In the recent decision of Oklahoma Firefighters Pension and Retirement System v. Amazon.com, Inc., C.A. No. 2021-1484-LWW (Del. Ch. Jun. 1, 2022) (Mem. Op.), the Court of Chancery denied Plaintiff’s Section 220 request to demand additional inspection of Amazon’s books and records, finding that Plaintiff had not set forth a proper purpose for its investigation and that Amazon had adequately responded to Plaintiff’s demand.
Plaintiff filed its demand under 8 Del. C. § 220 to inspect Amazon’s books and records to examine potential corporate mismanagement and determine the independence and disinterestedness of Amazon’s directors. The demand sought nineteen different categories of documents spanning eleven years. Although Amazon questioned the legitimacy of Plaintiff’s purpose, it agreed to produce a targeted set of responsive materials, including relevant Board or committee meeting minutes and redacting any non-responsive content. Plaintiff, in turn, filed this litigation to demand production of all documents responsive to its Section 220 demand.
The Court found that Plaintiff had not, as a threshold matter, stated a proper purpose for its investigation. First, Plaintiff’s reference to closed or pending investigations and litigation failed to establish a credible basis for its desire to investigate possible mismanagement at Amazon. The investigations and litigation had either closed without any adverse findings or were pending, and the only evidence of wrongdoing—a fine issued to Amazon from Italy—was irrelevant as Plaintiff only sought to investigate potential U.S. antitrust violations. The Court found that Plaintiff had also failed to provide a credible basis for its desire to investigate the directors’ independence—stockholder curiosity is insufficient under Delaware law, and any evidence presented by Plaintiff was more speculative than reliable.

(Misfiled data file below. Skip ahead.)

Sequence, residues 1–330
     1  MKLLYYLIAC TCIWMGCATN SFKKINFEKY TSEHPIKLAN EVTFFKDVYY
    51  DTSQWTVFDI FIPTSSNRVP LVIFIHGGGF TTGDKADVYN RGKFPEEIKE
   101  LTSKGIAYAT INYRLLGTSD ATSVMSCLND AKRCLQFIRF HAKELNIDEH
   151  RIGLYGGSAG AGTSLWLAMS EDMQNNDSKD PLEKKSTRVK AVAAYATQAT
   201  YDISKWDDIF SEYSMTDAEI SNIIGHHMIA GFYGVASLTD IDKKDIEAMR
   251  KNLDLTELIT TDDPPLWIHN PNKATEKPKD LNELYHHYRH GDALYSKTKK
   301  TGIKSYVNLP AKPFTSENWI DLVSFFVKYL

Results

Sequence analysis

Perhaps more importantly, though, the Court of Chancery found that Plaintiff’s request for additional document production pursuant to 8 Del. C. § 220 failed because Amazon had already complied with Plaintiff’s demand. Specifically, the Court found that Plaintiff had not shown that investigation of the additional books and records sought was essential to its investigation. The Court also found that Amazon had produced all reasonably responsive documents, stating: “[f]ormal board-level documents are often the beginning and end of a Section 220 production where a plaintiff aims to investigate whether directors exercised proper oversight.” (Mem. Op., at 30-31.) In fact, the Court went so far as to commend Amazon for its effort to cooperate with Plaintiff by not outright rejecting its demand, but instead producing the core board materials that typically satisfy a Section 220 request. Plaintiff had not justified its need for any specific documentation past what Amazon had already produced and, therefore, was overreaching.
Key Takeaway: When issuing a Section 220 demand to inspect corporate books and records, a plaintiff should first heed this Court’s decision by including a proper purpose for its investigation with a credible basis for the suspected misconduct. Additionally, the responding company may be able to restrict its production to only those board and committee minutes that are relevant to the plaintiff’s stated purpose for inspection.
Carl D. Neff is a partner with the law firm of FisherBroyles, LLP, and practices in Delaware. You can reach Carl at (302) 482-4244 or at Carl.Neff@FisherBroyles.com.